For a collection such as this to be worth its price, its contributions must have not only authority but also genuine utility. I have spent two months dipping into this book to find out about a wide range of subjects including the history of geometry, the origins of the Manhattan project, the development of thermodynamics and early work on macromolecular chemistry. I am happy to report that it let me down only rarely: there was usually a helpful and adequately referenced passage to furnish at least the beginning of an answer to my questions.
The collection does, however, have some regrettable omissions. It is astonishing, for example, that it does not include an essay on the origins and development of chaos theory, a topic of pervasive importance to many disciplines, which is mentioned only once in the entire book (in a wide-ranging essay on the science of planet earth). Also, the treatment of the origins of the internet is disappointing, and the relationship between the physical sciences and the arts is limited to a meagre piece on literature and the modern physical sciences. (This article scarcely mentions drama, which has been especially fruitful over the past decade in generating thoughtful and entertaining material, notably in Michael Frayn's Copenhagen and Tom Stoppard's Arcadia .) Despite these caveats, I warmly recommend this pricey book as good value, even for cash-strapped libraries.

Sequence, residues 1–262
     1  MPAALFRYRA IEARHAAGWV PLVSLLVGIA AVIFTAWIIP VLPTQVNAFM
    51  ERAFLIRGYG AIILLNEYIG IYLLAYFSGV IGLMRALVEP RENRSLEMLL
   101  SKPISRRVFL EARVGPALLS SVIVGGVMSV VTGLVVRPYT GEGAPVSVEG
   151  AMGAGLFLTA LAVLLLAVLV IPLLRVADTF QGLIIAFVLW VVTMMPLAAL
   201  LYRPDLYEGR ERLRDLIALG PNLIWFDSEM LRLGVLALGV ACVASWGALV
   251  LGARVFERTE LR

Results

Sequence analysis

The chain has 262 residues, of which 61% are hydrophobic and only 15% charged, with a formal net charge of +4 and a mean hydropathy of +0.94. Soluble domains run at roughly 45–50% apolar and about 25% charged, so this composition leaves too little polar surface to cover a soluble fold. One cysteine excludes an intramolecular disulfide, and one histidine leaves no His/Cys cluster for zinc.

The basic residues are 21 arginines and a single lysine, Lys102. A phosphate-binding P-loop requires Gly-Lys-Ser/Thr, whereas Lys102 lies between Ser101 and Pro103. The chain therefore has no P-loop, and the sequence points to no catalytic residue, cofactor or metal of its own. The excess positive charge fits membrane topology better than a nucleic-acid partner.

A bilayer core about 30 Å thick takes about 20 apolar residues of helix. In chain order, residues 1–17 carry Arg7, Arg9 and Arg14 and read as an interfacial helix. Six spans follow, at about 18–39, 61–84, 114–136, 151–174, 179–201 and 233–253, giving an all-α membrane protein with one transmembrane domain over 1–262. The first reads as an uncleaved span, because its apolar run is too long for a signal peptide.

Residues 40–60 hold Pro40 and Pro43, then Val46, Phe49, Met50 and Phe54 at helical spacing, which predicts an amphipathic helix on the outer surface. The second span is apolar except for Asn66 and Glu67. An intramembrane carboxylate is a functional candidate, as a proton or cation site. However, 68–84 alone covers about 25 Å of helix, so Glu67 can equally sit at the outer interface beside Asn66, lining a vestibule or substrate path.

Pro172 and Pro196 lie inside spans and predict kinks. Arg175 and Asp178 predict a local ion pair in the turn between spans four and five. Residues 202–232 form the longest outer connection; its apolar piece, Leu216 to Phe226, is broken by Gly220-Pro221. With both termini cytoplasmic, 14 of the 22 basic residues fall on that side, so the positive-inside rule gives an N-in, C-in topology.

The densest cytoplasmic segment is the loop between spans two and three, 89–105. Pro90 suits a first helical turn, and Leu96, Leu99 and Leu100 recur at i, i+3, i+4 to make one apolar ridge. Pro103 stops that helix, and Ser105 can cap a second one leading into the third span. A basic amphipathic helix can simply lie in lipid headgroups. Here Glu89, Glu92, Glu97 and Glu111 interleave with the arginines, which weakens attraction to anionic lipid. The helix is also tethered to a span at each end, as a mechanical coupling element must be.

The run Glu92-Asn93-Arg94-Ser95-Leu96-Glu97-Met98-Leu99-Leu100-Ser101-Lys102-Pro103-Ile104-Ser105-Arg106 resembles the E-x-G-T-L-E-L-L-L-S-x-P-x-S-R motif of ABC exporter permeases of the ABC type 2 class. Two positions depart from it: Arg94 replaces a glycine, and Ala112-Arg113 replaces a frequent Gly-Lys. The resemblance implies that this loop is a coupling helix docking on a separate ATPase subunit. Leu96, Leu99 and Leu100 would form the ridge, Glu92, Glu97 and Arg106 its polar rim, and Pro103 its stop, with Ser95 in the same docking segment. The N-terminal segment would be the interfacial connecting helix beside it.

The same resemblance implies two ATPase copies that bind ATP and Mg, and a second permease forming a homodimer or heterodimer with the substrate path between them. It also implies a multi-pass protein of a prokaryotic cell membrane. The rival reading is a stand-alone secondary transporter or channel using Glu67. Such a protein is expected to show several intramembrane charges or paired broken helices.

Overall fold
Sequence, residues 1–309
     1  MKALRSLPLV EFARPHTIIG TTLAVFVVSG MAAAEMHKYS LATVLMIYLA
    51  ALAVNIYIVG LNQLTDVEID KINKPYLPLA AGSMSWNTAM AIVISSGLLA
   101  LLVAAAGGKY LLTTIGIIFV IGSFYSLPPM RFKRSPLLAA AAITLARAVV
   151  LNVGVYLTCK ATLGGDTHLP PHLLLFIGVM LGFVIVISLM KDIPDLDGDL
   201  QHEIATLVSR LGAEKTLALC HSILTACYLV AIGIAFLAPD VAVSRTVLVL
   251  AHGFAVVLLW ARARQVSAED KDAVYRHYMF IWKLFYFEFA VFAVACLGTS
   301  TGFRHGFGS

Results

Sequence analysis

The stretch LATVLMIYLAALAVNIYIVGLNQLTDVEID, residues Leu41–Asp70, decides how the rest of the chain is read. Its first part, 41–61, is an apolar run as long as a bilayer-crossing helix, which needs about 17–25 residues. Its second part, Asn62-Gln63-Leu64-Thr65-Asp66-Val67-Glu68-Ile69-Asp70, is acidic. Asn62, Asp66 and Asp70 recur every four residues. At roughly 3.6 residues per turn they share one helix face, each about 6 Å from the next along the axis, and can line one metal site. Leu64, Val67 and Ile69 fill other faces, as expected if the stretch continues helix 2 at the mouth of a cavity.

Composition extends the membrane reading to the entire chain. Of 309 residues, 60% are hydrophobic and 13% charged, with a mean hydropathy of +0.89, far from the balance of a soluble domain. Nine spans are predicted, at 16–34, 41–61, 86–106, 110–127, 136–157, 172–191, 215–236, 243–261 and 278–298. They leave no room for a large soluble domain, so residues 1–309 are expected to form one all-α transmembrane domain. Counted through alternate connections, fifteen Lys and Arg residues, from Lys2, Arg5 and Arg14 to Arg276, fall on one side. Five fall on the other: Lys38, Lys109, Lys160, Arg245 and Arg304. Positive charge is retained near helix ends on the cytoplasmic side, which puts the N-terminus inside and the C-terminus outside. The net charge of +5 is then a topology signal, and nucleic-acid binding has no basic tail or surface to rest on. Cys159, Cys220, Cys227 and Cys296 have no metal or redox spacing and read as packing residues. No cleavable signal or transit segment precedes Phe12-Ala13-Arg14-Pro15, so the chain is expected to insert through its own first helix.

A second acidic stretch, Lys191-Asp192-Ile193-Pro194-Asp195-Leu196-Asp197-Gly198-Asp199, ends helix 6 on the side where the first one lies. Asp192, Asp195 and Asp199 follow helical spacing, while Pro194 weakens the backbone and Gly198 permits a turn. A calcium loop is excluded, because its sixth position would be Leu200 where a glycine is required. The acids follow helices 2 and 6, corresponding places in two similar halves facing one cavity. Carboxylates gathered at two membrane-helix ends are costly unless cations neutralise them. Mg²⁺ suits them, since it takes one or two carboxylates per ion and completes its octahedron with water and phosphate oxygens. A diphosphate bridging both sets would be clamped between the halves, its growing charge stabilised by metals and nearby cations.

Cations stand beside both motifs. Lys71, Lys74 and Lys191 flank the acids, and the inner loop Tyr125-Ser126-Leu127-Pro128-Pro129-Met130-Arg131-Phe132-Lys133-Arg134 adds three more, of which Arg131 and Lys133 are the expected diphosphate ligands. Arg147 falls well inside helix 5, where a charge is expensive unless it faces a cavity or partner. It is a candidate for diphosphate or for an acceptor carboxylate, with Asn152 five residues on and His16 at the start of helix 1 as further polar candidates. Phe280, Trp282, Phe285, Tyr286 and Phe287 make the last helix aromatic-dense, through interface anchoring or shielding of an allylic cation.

Just as valuable a purchase is Andrew Warwick's monumental Masters of Theory , a cultural history of the rise of mathematical physics at Cambridge University from the 1760s to the 1930s. What makes his account innovative is its strong focus on a single institution, albeit one that could reasonably claim to be the most important in the entire history of the subject, having been the workplace of Sir Isaac Newton, James Clerk Maxwell and Paul Dirac.
Warwick traces the growth of private tuition in Cambridge from the mid-18th century to the late-19th century, when its all-male students ("pups") were intensively "coached" by experts to take the increasingly demanding examinations. He argues convincingly that how the Cambridge students learnt and who taught them were as important as what they were learning. The transition to pen-and-paper examinations was especially important - presenting quite a shock to late-18th-century students who were used to displaying their knowledge by disputing in Latin.